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Crematorium Organists


DHM

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This is what I meant too . . . . :blink:

The first dictionary definition for pride is 'a high or inordinate opinion of one's own dignity, importance, merit, or superiority, whether as cherished in the mind or as displayed in bearing, conduct, etc.'

 

This is what I have always seen pride as, i.e. a proud man will never admit he can be wrong.

 

At no stage do I or have I ever taken pride in what I do. I do my best, I offer the highest service I can, and the most complete help and support to the bereaved, and indeed to a couple at a wedding, or any church I work for. And indeed, some of the best organists I know do not take 'pride' in what they are doing, they certainly dreive pleasure from it, for themselves and others, they provide a sense of worship and dignity for the situation, and often provide an atmosphere conducive to the situation. If we feel pride in what we are doing, we are doing it for ourselves. My whole playing career has been dne for one reason, and that is to serve God through music. I derive pleasure from it, yes; I feel humbled to be allowed to be able to do it, yes; I feel blessed that I have the skills and talents to carry it out, yes; but I can never say I have ever felt proud about it.

 

Jonathan

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The first dictionary definition for pride is 'a high or inordinate opinion of one's own dignity, importance, merit, or superiority, whether as cherished in the mind or as displayed in bearing, conduct, etc.'

 

Many words have a variety of meanings or shades of meaning, and when there are different possibilities it is usually advisable to seek the most favourable interpretation of what the speaker / writer intended.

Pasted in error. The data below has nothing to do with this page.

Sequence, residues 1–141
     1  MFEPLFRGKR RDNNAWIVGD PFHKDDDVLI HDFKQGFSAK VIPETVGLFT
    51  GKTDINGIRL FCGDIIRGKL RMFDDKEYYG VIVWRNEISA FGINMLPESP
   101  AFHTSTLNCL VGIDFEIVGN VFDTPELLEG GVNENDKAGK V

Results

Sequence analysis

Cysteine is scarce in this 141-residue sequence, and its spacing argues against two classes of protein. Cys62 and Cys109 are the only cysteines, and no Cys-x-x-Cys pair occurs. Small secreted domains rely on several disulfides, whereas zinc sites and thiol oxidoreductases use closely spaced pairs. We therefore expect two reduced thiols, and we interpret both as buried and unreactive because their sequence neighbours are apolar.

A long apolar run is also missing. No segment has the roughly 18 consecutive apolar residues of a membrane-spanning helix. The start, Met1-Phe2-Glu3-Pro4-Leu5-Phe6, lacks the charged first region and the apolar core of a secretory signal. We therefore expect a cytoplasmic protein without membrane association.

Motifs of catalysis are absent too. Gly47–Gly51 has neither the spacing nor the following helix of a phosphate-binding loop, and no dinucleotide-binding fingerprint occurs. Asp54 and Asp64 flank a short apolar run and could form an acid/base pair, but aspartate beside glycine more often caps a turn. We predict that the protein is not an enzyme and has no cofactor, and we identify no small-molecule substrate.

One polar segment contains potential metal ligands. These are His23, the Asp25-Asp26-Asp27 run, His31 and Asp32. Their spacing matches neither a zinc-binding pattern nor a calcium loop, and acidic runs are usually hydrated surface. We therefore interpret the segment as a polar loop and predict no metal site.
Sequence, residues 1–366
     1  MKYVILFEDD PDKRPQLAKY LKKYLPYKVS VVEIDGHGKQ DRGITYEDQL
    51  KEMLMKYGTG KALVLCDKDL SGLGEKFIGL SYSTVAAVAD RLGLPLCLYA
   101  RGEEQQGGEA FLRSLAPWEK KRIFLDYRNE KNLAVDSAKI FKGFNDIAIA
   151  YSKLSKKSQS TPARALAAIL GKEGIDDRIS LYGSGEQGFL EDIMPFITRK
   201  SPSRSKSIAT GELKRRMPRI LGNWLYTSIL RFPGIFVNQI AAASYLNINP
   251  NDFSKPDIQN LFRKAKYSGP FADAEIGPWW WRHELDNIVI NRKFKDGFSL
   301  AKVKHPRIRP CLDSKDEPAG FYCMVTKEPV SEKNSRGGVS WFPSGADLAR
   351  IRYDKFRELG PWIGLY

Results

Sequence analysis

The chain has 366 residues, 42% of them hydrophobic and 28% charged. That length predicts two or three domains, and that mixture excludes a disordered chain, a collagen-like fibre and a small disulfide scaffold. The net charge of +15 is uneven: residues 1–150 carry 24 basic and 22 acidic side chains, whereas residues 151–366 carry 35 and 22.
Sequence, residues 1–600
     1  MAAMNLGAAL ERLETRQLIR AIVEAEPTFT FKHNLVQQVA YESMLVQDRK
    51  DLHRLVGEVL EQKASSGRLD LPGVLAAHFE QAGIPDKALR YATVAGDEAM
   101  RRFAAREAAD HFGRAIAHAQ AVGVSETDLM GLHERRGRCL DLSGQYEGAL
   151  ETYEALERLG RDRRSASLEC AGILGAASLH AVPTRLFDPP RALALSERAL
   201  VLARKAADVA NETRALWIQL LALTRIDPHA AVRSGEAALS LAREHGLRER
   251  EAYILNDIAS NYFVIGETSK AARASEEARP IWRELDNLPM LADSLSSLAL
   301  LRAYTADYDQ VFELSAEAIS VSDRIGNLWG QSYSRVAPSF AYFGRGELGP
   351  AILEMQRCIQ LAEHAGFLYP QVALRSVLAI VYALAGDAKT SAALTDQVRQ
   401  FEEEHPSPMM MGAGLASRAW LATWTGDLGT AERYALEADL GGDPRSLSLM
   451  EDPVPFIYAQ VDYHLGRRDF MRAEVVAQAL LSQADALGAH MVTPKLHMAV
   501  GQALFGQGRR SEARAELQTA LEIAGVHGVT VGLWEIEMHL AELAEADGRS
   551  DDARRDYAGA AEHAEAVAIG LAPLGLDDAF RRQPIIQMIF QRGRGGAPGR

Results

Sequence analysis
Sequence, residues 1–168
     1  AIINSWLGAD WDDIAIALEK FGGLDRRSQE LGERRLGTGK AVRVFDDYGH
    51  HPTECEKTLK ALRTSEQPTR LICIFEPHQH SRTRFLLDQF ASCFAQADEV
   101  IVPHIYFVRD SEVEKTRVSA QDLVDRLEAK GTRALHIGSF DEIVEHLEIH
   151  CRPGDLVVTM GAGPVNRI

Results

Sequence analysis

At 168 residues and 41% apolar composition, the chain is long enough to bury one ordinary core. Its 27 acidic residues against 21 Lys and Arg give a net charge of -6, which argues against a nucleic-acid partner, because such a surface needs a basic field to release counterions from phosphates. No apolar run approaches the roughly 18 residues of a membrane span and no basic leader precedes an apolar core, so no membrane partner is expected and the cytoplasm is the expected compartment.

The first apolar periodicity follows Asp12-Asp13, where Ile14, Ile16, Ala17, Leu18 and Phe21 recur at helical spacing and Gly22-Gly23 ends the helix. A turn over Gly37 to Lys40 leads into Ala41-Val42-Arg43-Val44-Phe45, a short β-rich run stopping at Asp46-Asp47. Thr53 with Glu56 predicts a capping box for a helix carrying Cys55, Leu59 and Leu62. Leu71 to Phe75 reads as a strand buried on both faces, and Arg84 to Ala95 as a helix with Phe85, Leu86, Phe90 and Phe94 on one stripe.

Quoting some of many definitions from the Oxford English Dictionary:

 

1. A high, esp. an excessively high, opinion of one's own worth or importance which gives rise to a feeling or attitude of superiority over others; inordinate self-esteem.

 

2. Arrogant, haughty, or overbearing behaviour, demeanour, or treatment of others, esp. as exhibiting an inordinately high opinion of oneself.

 

3. A consciousness of what befits, is due to, or is worthy of oneself or one's position; self-respect; self-esteem, esp. of a legitimate or healthy kind or degree.

 

5. The feeling of satisfaction, pleasure, or elation derived from some action, ability, possession, etc., which one believes does one credit. Chiefly in to take (a) pride in.

 

I would hope that organists are free of defintions 1, 2, but surely all should be aware of (3) and should hope for (5).

 

There is a story of an Abbott who was asked for a good book about humility, and who replied that the best one that he knew was the one that he had written. Pride, like humility, is having the appropriate sense of one's worth and abilities, being realistic. False modesty is not a virtue.

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Many words have a variety of meanings or shades of meaning, and when there are different possibilities it is usually advisable to seek the most favourable interpretation of what the speaker / writer intended.

 

Quoting some of many definitions from the Oxford English Dictionary:

 

1. A high, esp. an excessively high, opinion of one's own worth or importance which gives rise to a feeling or attitude of superiority over others; inordinate self-esteem.

 

2. Arrogant, haughty, or overbearing behaviour, demeanour, or treatment of others, esp. as exhibiting an inordinately high opinion of oneself.